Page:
On the whole, I can say this is a very fun repertoire, leading to exciting chess, reminiscent of the Romantic period. Open lines, piece attacks, very Morphy-esque. However, I can also say it wasn't an optimal repertoire, since goals (2) and (3) were clearly not met.
As best I can tell, the best way of assuring (2) and (3) get met is having a better strategic understanding of the opening (or variation) than my opponent. That is, pick my battlegrounds more wisely, understand the strategic goals more deeply and appreciate better which plans yielded the best results (those most consistent with the strategic goals of the opening) and those that were full of crap.
Simply, I'd like to put more trust in my pieces, "listen" to where they "say" they want to go (is that intuition?), understand the pawn structure and its implications (chains, levers, blockades) and just be more familiar than my opponent on what the strategic objectives are in middlegames that arise from an opening of my choosing.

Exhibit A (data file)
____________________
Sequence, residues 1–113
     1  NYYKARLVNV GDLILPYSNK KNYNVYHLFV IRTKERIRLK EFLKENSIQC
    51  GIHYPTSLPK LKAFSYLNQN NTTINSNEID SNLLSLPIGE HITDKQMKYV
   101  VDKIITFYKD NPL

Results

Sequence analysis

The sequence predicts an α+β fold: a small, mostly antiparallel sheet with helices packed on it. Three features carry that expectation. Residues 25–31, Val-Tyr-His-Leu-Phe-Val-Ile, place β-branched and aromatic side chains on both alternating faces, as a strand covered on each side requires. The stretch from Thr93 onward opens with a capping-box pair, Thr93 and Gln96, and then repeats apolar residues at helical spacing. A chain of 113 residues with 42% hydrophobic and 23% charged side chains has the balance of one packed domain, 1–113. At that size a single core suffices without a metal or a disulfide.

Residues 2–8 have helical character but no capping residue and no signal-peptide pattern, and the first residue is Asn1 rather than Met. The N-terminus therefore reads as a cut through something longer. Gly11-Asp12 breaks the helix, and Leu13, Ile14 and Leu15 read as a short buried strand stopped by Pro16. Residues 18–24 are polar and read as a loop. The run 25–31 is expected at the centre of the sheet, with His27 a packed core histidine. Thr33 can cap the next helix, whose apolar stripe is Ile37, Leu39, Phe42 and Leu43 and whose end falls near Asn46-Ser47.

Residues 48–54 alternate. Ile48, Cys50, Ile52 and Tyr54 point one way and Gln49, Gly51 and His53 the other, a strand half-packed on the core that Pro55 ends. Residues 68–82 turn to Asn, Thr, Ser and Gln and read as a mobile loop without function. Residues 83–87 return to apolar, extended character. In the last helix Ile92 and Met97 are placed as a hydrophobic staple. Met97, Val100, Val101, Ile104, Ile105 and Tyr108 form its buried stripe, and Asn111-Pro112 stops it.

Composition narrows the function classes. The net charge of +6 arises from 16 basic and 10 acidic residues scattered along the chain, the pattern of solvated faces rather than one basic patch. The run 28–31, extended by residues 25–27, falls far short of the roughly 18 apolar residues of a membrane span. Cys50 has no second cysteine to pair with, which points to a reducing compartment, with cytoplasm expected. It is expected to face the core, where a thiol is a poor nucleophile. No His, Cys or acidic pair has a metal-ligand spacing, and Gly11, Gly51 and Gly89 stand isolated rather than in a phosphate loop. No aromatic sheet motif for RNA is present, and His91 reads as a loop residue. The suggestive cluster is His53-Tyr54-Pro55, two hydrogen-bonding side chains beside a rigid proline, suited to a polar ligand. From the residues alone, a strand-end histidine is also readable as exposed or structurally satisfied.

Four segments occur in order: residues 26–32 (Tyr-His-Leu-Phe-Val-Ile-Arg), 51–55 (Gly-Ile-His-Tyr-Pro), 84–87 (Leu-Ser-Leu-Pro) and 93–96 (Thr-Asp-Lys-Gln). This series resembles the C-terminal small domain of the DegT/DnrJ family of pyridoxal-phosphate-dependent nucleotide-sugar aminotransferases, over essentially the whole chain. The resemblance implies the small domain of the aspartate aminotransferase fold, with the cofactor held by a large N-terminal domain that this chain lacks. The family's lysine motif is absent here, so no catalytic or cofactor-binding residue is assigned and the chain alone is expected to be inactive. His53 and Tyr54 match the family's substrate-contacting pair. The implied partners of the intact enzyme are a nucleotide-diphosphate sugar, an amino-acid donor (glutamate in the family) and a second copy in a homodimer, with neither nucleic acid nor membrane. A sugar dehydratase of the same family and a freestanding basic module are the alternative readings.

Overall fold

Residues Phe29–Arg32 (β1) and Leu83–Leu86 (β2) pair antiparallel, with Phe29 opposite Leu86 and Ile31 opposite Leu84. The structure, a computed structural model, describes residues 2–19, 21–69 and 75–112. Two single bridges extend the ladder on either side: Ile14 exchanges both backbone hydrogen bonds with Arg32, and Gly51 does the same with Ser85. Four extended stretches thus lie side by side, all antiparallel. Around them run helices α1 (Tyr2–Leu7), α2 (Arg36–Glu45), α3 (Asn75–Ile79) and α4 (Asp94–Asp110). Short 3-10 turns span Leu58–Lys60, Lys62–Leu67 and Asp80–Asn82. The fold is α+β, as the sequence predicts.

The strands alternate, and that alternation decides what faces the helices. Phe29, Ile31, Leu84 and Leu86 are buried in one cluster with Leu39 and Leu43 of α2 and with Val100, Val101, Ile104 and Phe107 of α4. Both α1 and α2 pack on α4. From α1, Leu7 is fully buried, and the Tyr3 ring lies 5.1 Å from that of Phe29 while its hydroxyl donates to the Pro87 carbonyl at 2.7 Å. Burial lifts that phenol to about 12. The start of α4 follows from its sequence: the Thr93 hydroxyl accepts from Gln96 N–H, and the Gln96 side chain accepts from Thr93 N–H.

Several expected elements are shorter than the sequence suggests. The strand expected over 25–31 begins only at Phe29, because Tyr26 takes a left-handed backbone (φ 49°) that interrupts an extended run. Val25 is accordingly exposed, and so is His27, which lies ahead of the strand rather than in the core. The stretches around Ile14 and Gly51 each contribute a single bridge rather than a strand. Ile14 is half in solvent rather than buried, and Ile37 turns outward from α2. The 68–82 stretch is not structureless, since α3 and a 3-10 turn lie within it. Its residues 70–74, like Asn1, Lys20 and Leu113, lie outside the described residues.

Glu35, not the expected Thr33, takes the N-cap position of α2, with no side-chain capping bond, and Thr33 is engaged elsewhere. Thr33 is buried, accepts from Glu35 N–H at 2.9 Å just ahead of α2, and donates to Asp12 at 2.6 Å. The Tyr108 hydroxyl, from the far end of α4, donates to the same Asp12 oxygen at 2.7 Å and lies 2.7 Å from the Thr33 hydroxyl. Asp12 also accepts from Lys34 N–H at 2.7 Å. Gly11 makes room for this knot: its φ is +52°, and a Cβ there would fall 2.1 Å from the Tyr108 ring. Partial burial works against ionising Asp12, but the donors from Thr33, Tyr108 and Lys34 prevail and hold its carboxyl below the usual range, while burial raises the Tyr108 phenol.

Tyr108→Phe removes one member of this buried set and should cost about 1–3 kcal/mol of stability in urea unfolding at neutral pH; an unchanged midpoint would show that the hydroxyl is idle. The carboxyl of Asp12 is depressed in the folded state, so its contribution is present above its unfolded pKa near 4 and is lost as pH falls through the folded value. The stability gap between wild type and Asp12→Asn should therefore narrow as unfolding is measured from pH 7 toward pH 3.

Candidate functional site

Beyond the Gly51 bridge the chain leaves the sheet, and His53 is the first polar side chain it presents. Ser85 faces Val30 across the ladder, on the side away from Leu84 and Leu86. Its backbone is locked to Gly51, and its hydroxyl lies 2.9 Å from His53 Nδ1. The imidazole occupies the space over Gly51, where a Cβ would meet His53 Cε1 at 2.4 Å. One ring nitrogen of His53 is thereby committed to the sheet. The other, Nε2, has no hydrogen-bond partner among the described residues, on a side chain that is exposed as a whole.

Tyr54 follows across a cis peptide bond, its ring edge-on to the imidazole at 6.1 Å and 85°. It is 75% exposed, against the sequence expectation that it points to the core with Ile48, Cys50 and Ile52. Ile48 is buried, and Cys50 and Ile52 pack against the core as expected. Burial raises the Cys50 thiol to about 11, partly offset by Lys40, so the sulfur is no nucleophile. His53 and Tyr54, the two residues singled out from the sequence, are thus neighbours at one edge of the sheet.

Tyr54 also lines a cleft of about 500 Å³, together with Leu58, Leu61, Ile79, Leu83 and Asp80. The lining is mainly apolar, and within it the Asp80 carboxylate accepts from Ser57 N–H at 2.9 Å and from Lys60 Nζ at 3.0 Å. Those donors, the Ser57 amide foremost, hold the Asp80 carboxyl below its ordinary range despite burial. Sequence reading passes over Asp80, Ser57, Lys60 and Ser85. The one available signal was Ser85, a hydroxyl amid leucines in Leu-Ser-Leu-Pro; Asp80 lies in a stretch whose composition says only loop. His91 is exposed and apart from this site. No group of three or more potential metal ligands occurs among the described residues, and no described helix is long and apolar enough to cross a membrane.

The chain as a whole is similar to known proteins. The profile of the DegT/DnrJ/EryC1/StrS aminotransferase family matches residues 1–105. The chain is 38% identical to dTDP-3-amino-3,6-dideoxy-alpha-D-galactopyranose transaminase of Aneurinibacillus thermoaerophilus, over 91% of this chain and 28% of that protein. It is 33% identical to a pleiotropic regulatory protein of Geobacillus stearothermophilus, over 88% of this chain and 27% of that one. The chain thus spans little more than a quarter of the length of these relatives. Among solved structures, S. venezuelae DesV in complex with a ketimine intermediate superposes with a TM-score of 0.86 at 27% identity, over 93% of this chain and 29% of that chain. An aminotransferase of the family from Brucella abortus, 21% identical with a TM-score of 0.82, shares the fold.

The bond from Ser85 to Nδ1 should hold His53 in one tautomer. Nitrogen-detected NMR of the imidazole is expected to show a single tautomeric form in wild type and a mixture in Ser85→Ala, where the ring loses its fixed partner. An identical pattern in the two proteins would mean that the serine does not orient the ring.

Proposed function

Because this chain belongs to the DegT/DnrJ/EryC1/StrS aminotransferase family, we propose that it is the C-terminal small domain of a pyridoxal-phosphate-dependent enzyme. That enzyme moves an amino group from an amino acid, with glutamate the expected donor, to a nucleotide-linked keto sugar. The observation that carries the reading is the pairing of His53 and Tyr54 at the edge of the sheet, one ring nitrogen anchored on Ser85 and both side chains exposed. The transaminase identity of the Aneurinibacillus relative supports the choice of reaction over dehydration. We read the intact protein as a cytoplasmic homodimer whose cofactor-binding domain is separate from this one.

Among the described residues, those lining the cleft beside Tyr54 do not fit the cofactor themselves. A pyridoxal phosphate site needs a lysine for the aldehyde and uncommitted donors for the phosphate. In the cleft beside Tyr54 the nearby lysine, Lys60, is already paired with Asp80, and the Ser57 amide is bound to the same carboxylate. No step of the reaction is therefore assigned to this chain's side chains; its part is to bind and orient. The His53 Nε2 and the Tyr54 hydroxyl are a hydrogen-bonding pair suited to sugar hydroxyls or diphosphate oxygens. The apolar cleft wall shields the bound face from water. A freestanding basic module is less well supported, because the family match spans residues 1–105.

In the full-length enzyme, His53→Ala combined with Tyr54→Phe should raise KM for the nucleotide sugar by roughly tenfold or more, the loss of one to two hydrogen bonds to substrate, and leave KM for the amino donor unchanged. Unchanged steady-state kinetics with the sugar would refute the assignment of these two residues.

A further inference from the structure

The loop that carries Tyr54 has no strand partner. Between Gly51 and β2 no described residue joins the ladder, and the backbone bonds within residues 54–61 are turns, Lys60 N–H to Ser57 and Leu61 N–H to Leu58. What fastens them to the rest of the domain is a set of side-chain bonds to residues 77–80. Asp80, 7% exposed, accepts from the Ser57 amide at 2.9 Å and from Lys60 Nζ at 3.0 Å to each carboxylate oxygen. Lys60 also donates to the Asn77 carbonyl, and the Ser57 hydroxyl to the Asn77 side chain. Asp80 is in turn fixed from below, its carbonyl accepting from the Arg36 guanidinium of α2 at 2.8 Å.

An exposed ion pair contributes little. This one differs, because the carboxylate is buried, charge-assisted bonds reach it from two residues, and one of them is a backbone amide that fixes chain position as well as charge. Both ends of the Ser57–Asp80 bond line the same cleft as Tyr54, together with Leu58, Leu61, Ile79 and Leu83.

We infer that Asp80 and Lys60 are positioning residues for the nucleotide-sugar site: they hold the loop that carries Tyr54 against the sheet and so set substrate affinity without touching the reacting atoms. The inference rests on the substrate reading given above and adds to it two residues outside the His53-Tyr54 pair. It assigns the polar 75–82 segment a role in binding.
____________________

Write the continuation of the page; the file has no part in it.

As white, I like a repertoire with some variance. As white, I like to be able to play 1. e4 or 1. d4 (or even 1. Nf3) indiscriminately, and my opponent not know what he's going to be confronted with. At the same time, there is a practical need for some economy, as I don't intend to become a full-time chess player, or spend every waking moment of free time studying openings.